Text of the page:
He did the follwoing AP’s Physics (5) , Chemistry, Biology (4), US History (4), Environmental Science and Calc. He is taking the AP Chemstry, Environmental Science and Cals this year so no score as of now
Take a look at the fine print on those BA/BS->MD programs, such as the college GPA and MCAT requirements in order to maintain the entry to the MD program.
I’d recommend posting in the BS/MD Class of 2021 thread on CC, as the people there are extremely familiar with BS/MD admissions.
BS/MD is a mixed bag of worms. It’s nice that there’s guaranteed acceptance into medical school, but the downside, is that almost none of the HS graduates with doctor ambitions end up actually going to medical school. I usually recommend applying the usual way. It gives the student more time to consider if medicine is really for them.
@coolguy40 , why do you say - almost none of the HS graduates with doctor ambitions end up actually going to medical school? Are you suggesting that most of the BSMD students drop out of the program or somehow cannot make it because of program requirements? It is in total contrast to what I have read - that most of BSMD students in program such as TCNJ/NJIT/NJMS, BU, REMS etc do matriculate to respective medical schools.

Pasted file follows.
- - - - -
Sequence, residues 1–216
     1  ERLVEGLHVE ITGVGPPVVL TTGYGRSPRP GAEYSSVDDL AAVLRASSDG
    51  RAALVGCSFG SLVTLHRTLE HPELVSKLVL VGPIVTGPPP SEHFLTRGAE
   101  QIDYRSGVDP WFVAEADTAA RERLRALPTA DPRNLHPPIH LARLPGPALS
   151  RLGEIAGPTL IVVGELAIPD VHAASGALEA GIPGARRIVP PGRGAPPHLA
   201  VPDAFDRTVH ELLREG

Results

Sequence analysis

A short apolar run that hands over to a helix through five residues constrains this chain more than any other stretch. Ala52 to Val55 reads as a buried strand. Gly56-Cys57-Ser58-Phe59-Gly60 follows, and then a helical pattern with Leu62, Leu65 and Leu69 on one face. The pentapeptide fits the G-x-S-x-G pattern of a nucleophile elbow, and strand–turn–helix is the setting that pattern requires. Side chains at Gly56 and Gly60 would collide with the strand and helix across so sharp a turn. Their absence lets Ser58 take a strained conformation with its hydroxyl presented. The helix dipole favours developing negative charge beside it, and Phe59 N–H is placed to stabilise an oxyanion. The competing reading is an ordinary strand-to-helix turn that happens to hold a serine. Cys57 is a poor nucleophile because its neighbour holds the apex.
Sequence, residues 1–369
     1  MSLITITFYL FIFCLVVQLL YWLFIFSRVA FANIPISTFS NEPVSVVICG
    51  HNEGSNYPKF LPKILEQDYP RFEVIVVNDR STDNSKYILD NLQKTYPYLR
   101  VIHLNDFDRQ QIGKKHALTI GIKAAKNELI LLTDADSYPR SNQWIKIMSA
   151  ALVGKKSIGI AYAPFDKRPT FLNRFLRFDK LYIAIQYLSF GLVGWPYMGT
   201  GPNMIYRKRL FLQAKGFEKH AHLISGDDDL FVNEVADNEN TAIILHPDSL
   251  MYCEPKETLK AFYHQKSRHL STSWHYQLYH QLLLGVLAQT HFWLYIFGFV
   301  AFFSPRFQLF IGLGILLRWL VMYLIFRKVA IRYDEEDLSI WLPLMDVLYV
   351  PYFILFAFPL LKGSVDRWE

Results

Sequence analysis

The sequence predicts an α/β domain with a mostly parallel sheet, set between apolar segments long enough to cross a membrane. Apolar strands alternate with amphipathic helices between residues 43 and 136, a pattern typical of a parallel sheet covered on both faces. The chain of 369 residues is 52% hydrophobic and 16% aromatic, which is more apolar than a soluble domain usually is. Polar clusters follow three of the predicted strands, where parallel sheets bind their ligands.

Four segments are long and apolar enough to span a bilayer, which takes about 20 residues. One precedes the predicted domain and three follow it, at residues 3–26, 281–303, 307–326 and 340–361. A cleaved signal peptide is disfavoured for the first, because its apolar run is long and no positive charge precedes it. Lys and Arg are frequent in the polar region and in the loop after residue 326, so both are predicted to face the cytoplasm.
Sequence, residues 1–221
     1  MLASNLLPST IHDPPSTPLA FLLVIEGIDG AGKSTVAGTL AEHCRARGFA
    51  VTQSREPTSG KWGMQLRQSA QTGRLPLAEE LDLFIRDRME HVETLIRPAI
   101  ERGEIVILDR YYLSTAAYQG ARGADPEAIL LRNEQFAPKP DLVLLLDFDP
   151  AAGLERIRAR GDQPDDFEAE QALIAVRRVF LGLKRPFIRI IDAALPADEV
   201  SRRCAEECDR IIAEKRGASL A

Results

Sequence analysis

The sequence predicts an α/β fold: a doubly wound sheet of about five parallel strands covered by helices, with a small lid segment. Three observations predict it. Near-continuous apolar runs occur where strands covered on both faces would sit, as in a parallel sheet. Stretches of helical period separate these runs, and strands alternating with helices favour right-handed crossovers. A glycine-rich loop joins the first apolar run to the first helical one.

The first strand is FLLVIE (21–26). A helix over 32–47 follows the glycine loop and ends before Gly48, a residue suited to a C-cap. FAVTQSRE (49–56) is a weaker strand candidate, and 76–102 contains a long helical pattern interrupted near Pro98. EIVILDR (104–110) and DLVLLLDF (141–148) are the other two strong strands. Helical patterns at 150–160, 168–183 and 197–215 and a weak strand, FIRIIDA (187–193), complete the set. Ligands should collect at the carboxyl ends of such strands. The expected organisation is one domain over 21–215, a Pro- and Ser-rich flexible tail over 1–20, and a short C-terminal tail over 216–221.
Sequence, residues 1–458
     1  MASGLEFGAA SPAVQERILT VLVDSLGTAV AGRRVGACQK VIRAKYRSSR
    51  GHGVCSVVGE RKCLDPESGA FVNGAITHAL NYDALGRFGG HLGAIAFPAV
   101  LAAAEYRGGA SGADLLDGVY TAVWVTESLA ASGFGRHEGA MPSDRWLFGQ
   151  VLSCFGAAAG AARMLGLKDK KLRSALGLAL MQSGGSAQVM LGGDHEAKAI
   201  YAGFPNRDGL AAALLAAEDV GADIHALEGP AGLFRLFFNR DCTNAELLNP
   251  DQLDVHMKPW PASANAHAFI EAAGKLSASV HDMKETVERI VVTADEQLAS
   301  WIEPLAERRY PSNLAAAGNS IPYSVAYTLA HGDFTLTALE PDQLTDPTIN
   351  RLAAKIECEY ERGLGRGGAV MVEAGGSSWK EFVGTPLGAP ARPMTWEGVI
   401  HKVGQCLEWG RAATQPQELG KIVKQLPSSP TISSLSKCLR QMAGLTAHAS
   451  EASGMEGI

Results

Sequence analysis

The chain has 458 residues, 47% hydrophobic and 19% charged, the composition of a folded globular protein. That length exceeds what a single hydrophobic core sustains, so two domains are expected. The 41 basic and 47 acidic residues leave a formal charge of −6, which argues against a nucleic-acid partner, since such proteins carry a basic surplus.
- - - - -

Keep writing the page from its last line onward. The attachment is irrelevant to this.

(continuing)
Can you please support that “most of BSMD students in program such as TCNJ/NJIT/NJMS, BU, REMS do matriculate to respective medical schools.” with an official published statistics ? Please share here if you have any official data with the source specified.
For ORMs, the competition is very tough in BSMD and most folks have stellar stats.